Thank you for your reply and clarification!! 🙂

  • Matt Jun 25, 2015, 10:43 pm

    Hi, I was wondering if misdemeanors would prevent me from getting the professional visa. I have a DUI and a Fake ID charge. Please help!

    • Grace Jul 6, 2015, 10:58 am

      If you have served your sentence or made restitution and there are no pending charges you can apply for residency, however, the approval of a residency is at the criteria of the authorities.

  • George K Jun 21, 2015, 1:35 am

    Does anyone know what the actual denial requirements are? Is it at US type ‘full-on-hysteria’ levels where someone who got a ticket for littering 20 years ago can be denied, or is it more reasonable like other countries?

    I was a bit wild when I was younger (30 years ago), got arrested a couple times for fights, drug stuff but never went to jail. Would this preclude me?

  • ` May 26, 2015, 8:07 am

    Can you bring herbs, vitamins, storage foods or food in bulk like 40-50 lbs bags in your container?

    • Grace Velastegui Jul 9, 2015, 5:50 pm

      A phytosanitary permit is required to bring food, herbs or vitamins.

      • molly Jul 10, 2015, 6:13 pm

        Do you mean like tea, dried herbs, and tinctures you have to have a phytosanitary permit? I’m not talking about live plants. Vitamins in their bottles and or bulk vitamins as well?
        Food I’m talking about are dry rice, beans, spices to cook with and dried eggs. These also need this? I was told you could bring all this in a container via sea once you got your residency.

        • Grace Velastegui Jul 14, 2015, 4:03 pm

          Strickly adhering to the law, you must obtain the phytosanitary permit to bring in the items you mention. However, it would be a good idea to speak to your customs agent.

  • Jonh D Feb 18, 2015, 2:47 am

    Grace/Nelson, thank you for all the comment. I would like to check if you know that requirement for police clearance from country of origin for naturalization were changed as well?

    From the ministry website:

    5. Antecedentes judiciales, penales o policiales emitidos por el país de origen o del país donde haya residido los últimos 5 años, con una vigencia mínima de 180 días, contados a partir de la emisión del documento, hasta el último ingreso a territorio ecuatoriano…

    I’m having trouble understanding what does this mean and what last entry to territory of Ecuador has to do with the document. If you have any information about this could you elaborate for us. If there is indeed the requirement for police clearance from home country for naturalization application and what this section means. Does it mean that document that was issued before entry to Ecuador will be valid in 3 years when applying for naturalization as long as that was the last entry to the territory? Thank you so much for all your anwswers.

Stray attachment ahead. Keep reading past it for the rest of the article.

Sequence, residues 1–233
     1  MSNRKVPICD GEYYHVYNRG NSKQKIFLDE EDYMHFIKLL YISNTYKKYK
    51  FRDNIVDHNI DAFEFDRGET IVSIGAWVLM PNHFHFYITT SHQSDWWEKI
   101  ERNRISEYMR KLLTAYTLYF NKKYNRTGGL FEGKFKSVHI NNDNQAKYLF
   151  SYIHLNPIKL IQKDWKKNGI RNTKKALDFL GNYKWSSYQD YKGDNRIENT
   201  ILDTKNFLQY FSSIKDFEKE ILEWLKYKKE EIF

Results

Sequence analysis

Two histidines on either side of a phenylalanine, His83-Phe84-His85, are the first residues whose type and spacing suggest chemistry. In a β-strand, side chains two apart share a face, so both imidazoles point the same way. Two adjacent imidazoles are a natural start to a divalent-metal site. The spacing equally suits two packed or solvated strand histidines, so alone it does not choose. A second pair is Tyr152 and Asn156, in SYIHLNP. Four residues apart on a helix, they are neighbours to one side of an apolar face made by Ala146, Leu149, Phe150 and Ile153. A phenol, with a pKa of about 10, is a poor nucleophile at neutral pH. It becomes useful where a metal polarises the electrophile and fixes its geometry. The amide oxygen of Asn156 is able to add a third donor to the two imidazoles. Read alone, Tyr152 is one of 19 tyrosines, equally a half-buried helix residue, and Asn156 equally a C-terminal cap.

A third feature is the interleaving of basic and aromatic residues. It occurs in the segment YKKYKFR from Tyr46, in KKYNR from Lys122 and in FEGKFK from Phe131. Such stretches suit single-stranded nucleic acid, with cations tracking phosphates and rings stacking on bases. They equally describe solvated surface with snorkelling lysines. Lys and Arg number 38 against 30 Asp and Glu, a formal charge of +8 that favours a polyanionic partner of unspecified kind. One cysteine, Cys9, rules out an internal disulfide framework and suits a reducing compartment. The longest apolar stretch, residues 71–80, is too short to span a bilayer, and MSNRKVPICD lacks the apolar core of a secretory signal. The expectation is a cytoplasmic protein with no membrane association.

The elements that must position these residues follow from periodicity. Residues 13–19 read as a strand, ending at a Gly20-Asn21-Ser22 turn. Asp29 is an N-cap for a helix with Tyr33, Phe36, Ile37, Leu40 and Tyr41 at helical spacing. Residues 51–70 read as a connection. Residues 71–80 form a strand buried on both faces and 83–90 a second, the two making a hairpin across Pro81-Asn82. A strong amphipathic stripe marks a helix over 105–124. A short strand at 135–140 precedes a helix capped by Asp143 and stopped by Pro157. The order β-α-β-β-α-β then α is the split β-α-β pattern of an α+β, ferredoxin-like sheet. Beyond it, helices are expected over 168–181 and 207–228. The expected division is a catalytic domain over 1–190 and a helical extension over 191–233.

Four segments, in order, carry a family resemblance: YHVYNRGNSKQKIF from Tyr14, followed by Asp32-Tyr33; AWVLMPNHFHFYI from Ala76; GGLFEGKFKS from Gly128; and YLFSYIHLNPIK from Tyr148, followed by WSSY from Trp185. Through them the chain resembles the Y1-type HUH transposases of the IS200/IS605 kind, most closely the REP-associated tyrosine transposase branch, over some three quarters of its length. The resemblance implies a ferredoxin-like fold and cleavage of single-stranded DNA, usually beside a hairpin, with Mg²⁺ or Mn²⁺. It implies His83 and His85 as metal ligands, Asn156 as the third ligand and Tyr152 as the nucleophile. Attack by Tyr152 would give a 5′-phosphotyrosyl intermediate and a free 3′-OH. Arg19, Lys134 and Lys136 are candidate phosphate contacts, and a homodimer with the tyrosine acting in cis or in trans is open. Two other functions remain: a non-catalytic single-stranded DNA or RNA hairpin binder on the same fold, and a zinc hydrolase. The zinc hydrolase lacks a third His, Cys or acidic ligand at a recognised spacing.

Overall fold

• Grace Velastegui Jul 9, 2015, 5:34 pm

      If you have lived in Ecuador for less than five years you will be required to present a certificate from the FBI

  • Kathy M. Jan 19, 2015, 6:25 pm

    Hi. My husband and I are planning to make an exploratory trip to Ecuador next May or June, with a goal to be there applying for permanent residency by the end of August. We are a bit confused about the new criminal history requirement. We understand we need to get our fingerprints taken here locally in our small town’s police station in Arizona. Then, as we understand, we send that information to the FBI for the national criminal history report. This morning when checking the FBI site, it was stated in bold letters that the report could take as long as 16 weeks to be finalized. And, we also need to get both documents apostilled! Can you tell us when we need to get the local and national criminal history reports done? I thought most of the documentation had to be completed here within the last 30 days before our application is made in Ecuador. You were recommended to us by Diane and Ted in Cuenca who told us how you led them through the maze of paperwork without a lot of stress. We would be interested in working with you as well to make sure we do everything right and get settled in Ecuador without problem.

    • Grace Jan 27, 2015, 2:38 pm

      Thank you for your message.

      Documents submitted for residency application should not be older than 180 days at the time of application. Please note this is the date the certified copy has obtained and not the date of the apostille. We suggest you collect your documents as close to your travel date as possible.

  • Kenneth Pyatte Jan 18, 2015, 1:35 pm

    I am in Costa Rica for now, I am interested in Ecuador and plan to stay there for 1 to 3 months, if I decide that I wish to lmmigrate there will I have to return to the USA?

    • Grace Jan 27, 2015, 2:39 pm

      It is not a requirement to return to the U.S. to apply for residency.

  • robert denormandie jr Jan 12, 2015, 7:37 pm

    I’m slow about these requirement : guess it wise to read up on new standards of dual citizen and residency papers. . can you direct me to what, where and how to properly clear the path? looking to move and live , rest in peace there. While you are not officially hired , the questions asked come under confidential act by law? thank you

    • Grace Jan 13, 2015, 9:52 am

      Please feel free to contact us directly or make an appointment if you are in Cuenca and we will be happy to discuss this matter. All information exchanged is strictly confidential.

    • Grace Jan 13, 2015, 10:37 am

      Also, you can consult the webpage ¨Ministerio de Relaciones Exteriores¨ for more information. We hope this helps.

  • Cpnnie Giffin Jan 12, 2015, 7:21 pm